> also has [a], shouldn't all New Jersey have it too?  Am I projecting my
> Illinois pronunciation on others?
> >
> > What I remember, too, is Morristonians using [O] and contrasting it
> strongly with southern NJ's Moorestown [mu:rztaUn], which was always being
> confused with our place.  We'd never use [O] in the latter.
> >
> > Throughout, NORTH =FORCE for all areas that I've lived in in this
> country.
> >
> > By the way, what's the Eastern New England pattern for <orV>, [a] or
> [É’]?  The last one would equal NORTH in many places there, with NORTH and
> FORCE being different.  Would Boston and Providence be different?
> >
> > Paul Johnston
> > On Nov 17, 2012, at 12:49 PM, Joel S. Berson wrote:
> >
> >> ---------------------- Information from the mail header
> -----------------------
> >> Sender:      American Dialect Society <ADS-L at LISTSERV.UGA.EDU>
> >> Poster:      "Joel S. Berson" <Berson at ATT.NET>
> >> Subject:      Re: Provenance of /Or/ > [ar] / __@ ?
> >> ------------------------------------------------------------
> -------------------
> >>
> >> At 11/17/2012 01:36 AM, Laurence Horn wrote:
> >>> On Nov 16, 2012, at 6:24 PM, Neal Whitman wrote:
> >>>
> >>>> I'm sure this has been analyzed somewhere at some point, but I
> >>> don't know where.
> >>>> What is the dialect that has /O/ lowering to [a] in a stressed
> >>> vowel preceding
> >>>> /r/ and an unstressed vowel? In other words, the dialect that
> pronounces
> >>>> "forest" as "farrest," "Florida" as "Flarrida", "Oregon" as "Ahregun,"
> >>>> "horrible" etc. as "harrible" etc., "authority" as "autharity",
> >>> but still has
> >>>> [O] in "fort", "lore," etc.? What is this realization called?
> >>>>
> >>> It's what I grew up with in NYC,
> >> Me too.
> >>
> >>> although I've shifted over to [O] most of the time for these; I
> >>> suspect I go back and forth (on "Florida", "orange", "forest") even
> >>> though I think of myself as an open-o employer for these (the first
> >>> group, that is; I've never varied on [O] for "fort" or "lore").  I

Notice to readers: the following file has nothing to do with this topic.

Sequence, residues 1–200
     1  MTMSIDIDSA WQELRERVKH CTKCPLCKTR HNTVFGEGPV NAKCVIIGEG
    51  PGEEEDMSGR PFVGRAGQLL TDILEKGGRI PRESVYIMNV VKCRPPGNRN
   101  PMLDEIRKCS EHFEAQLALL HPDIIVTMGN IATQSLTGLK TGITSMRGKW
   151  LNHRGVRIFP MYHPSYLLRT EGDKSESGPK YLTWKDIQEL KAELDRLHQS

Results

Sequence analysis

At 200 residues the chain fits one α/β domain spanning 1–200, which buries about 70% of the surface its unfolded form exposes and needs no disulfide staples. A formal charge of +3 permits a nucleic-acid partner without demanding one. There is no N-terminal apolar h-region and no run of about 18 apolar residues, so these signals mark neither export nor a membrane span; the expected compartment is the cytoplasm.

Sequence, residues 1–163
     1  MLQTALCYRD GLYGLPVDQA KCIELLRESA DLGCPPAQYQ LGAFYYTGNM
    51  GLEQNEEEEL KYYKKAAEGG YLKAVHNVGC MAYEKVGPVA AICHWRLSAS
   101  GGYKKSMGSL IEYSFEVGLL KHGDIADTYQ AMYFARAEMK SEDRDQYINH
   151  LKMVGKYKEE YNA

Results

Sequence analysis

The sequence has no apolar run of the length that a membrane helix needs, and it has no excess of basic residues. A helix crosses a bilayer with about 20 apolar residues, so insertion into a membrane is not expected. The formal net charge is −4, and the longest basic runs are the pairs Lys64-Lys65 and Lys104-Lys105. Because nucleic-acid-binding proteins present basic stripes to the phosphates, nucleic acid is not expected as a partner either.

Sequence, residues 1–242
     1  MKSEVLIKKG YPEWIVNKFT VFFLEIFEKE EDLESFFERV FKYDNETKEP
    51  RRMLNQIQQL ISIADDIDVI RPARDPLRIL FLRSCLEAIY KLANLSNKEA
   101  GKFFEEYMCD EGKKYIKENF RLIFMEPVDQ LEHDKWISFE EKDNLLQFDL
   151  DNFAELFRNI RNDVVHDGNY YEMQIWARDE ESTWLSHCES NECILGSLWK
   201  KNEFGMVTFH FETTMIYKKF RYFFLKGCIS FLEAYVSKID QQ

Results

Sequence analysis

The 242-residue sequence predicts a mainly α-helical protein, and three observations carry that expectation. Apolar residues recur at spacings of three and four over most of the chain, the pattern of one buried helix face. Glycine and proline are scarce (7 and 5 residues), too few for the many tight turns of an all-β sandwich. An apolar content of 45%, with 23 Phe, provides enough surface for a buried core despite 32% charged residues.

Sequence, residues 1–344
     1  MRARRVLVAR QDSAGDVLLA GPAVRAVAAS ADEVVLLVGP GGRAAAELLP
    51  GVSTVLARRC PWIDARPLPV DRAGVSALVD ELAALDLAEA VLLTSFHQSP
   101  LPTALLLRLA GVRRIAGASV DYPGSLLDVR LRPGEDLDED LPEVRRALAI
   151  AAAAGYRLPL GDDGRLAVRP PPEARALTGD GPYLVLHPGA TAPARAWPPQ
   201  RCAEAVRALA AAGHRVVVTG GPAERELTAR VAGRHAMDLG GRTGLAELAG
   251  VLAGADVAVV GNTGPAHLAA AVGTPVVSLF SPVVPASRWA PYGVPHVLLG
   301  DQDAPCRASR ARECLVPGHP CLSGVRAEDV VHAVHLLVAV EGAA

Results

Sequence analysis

> >>> think of "AH-rinj" as the locus classicus, but as I recall it was
> >>> getting mocked for my [a] in "corridor" as a freshman in Rochester
> >>> that led to my abandoning my native vowels in this frame.  I'm sure
> >>> I never say "flarrist", but I probably did before the fall of 1961.
> >> Except my vacillations and shifts are different from
> >> Larry's.  (Perhaps because he stayed close, in New Haven, while I
> >> moved further (farther?), to Boston.)  For example, I'm sure I seldom
> >> say "florist" but mostly "flarrist".  But I say "floral", not "flarral".
> >>
> >> Joel
> >>
> >>> LH
> >>>
> >>>> I've been vaguely aware of it for many years, but have begun to
> >>> notice it more,
> >>>> especially among certain NPR speakers. I even heard one guy on
> >>> Planet Money talk
> >>>> about a "flarrist" (florist), which is right in line with the phonetic
> >>>> environment I described, but was still a new pronunciation to me.
> >>>>
> >>>> Neal
> >> ------------------------------------------------------------
> >> The American Dialect Society - http://www.americandialect.org
> American Dialect Society<http://www.americandialect.org/>
> www.americandialect.org
> The American Dialect Society, founded in 1889, is dedicated to the study
> of the English language in North America, and of other languages, or
> dialects of other ...
>
>
> > ------------------------------------------------------------
> > The American Dialect Society - http://www.americandialect.org
> American Dialect Society<http://www.americandialect.org/>
> www.americandialect.org
> The American Dialect Society, founded in 1889, is dedicated to the study
> of the English language in North America, and of other languages, or
> dialects of other ...
>
>
> >
>
> --
> Dr. Neal Whitman
> Lecturer, ESL Composition
> School of Teaching and Learning
> College of Education and Human Ecology
> Arps Hall
> 1945 North High Street
> whitman.11 at osu.edu
> (614) 260-1622
>
>
> ------------------------------------------------------------
> The American Dialect Society - http://www.americandialect.org
> American Dialect Society<http://www.americandialect.org/>
> www.americandialect.org
> The American Dialect Society, founded in 1889, is dedicated to the study
> of the English language in North America, and of other languages, or
> dialects of other ...
>
>
>
>
>
>
> ------------------------------------------------------------
> The American Dialect Society - http://www.americandialect.org
> American Dialect Society<http://www.americandialect.org/>
> www.americandialect.org
> The American Dialect Society, founded in 1889, is dedicated to the study
> of the English language in North America, and of other languages, or
> dialects of other ...
>
>
>
> ------------------------------------------------------------
> The American Dialect Society - http://www.americandialect.org
>